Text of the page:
Don't know if it's at all reassuring, but thought I'd pass it along.

Scarab Sages

If it happens I'll be there, but I don't hold out much hope. Even if it does come back, I'm sure they scrapped the servers, so chances are, our characters and accounts are gone and we will be starting from nothing. Even still, I hope it happens.


Sharoth wrote:
I have yet to try any new NCSoft games since they shut down CoH.

+1 to this.

I also make a point of telling anyone thinking about trying NCSoft games that NCSoft has a reputation for killing more MMO's than any other company on the market and actively discourage anyone else from giving NCSoft money.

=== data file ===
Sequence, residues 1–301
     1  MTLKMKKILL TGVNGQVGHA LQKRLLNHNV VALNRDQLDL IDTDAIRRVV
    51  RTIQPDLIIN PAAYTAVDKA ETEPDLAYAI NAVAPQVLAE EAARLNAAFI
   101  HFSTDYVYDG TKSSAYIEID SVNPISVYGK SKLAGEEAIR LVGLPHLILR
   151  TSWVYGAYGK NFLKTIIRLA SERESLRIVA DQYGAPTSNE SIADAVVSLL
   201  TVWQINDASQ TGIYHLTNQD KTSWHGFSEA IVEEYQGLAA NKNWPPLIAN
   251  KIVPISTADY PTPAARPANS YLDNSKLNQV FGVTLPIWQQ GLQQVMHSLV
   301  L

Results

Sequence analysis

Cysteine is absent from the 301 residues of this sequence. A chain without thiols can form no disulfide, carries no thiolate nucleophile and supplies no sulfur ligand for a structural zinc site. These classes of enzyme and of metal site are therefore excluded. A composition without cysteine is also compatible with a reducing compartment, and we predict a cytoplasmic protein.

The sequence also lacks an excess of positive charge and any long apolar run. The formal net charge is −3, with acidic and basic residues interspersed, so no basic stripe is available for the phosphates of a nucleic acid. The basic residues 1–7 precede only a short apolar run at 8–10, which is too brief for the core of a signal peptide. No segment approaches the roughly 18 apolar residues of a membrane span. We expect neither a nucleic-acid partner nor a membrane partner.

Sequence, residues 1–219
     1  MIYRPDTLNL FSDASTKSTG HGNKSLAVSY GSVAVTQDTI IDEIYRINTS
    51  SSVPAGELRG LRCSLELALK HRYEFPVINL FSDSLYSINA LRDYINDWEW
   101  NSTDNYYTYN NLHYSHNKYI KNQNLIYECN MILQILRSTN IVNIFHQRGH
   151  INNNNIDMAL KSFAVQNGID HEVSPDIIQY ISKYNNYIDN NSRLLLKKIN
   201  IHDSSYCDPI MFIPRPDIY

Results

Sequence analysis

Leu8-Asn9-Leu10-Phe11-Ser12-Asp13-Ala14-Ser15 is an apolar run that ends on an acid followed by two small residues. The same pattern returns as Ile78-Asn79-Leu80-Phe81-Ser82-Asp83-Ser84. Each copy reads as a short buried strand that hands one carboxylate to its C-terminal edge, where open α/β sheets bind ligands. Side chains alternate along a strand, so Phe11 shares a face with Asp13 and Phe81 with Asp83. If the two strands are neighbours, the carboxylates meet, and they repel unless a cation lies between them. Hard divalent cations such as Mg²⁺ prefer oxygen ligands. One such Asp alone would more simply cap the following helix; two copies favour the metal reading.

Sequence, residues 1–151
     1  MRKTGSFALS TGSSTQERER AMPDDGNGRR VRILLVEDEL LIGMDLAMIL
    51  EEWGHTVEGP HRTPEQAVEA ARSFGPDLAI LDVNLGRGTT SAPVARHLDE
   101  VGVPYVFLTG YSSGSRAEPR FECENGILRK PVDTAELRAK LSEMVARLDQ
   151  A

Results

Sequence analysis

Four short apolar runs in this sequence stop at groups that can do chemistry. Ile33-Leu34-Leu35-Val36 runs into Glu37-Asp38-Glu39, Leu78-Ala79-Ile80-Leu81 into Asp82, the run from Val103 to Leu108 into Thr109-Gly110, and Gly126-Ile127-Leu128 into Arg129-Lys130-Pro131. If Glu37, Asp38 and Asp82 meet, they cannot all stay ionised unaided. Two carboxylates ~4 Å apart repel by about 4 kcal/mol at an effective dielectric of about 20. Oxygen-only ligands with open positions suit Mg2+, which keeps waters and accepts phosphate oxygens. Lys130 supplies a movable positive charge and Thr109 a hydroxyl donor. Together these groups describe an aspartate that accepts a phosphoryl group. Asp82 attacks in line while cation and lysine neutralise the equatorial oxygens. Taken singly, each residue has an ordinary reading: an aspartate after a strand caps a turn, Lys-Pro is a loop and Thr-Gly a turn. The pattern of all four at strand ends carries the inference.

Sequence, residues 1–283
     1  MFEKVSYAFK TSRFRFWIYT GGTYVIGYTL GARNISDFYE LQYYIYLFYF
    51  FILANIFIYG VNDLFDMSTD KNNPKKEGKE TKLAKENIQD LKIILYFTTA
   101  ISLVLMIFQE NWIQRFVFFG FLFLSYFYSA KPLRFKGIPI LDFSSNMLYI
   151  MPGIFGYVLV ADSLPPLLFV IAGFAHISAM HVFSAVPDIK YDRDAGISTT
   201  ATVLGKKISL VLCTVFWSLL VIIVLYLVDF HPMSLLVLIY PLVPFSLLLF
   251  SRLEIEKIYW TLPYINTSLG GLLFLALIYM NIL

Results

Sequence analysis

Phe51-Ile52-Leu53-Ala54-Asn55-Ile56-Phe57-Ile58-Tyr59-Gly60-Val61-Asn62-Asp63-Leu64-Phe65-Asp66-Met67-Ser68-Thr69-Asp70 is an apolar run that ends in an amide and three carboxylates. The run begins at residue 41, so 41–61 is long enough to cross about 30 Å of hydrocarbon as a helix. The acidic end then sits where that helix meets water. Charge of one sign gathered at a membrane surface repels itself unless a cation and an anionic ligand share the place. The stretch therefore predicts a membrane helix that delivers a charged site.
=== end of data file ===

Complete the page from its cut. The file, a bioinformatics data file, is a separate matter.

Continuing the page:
I'd say RIP CoX, but I'd much prefer for you to rise from your grave.

-TimD


Guild wars is still going, as is Aeon, Guild Wars2, and now Wildstar.

Scarab Sages

Kryzbyn wrote:
Guild wars is still going, as is Aeon, Guild Wars2, and now Wildstar.

List of the fallen.

But if the Richard Garriot Tabula Rasa fiasco and CoX Shutdown isn't reason enough to boycott them, I don't know what is.


9 on the active list also, with the oldest active (Lineage) being over 15 years old.

I guess this is equally compelling to not boycott them then?


Kryzbyn wrote:

9 on the active list also, with the oldest active (Lineage) being over 15 years old.

I guess this is equally compelling to not boycott them then?

I realize that you're just trying to pick a fight (which is, imho, extremely poor taste, but whatev) but people totally have a right to boycot NCSoft for whatever reason they choose.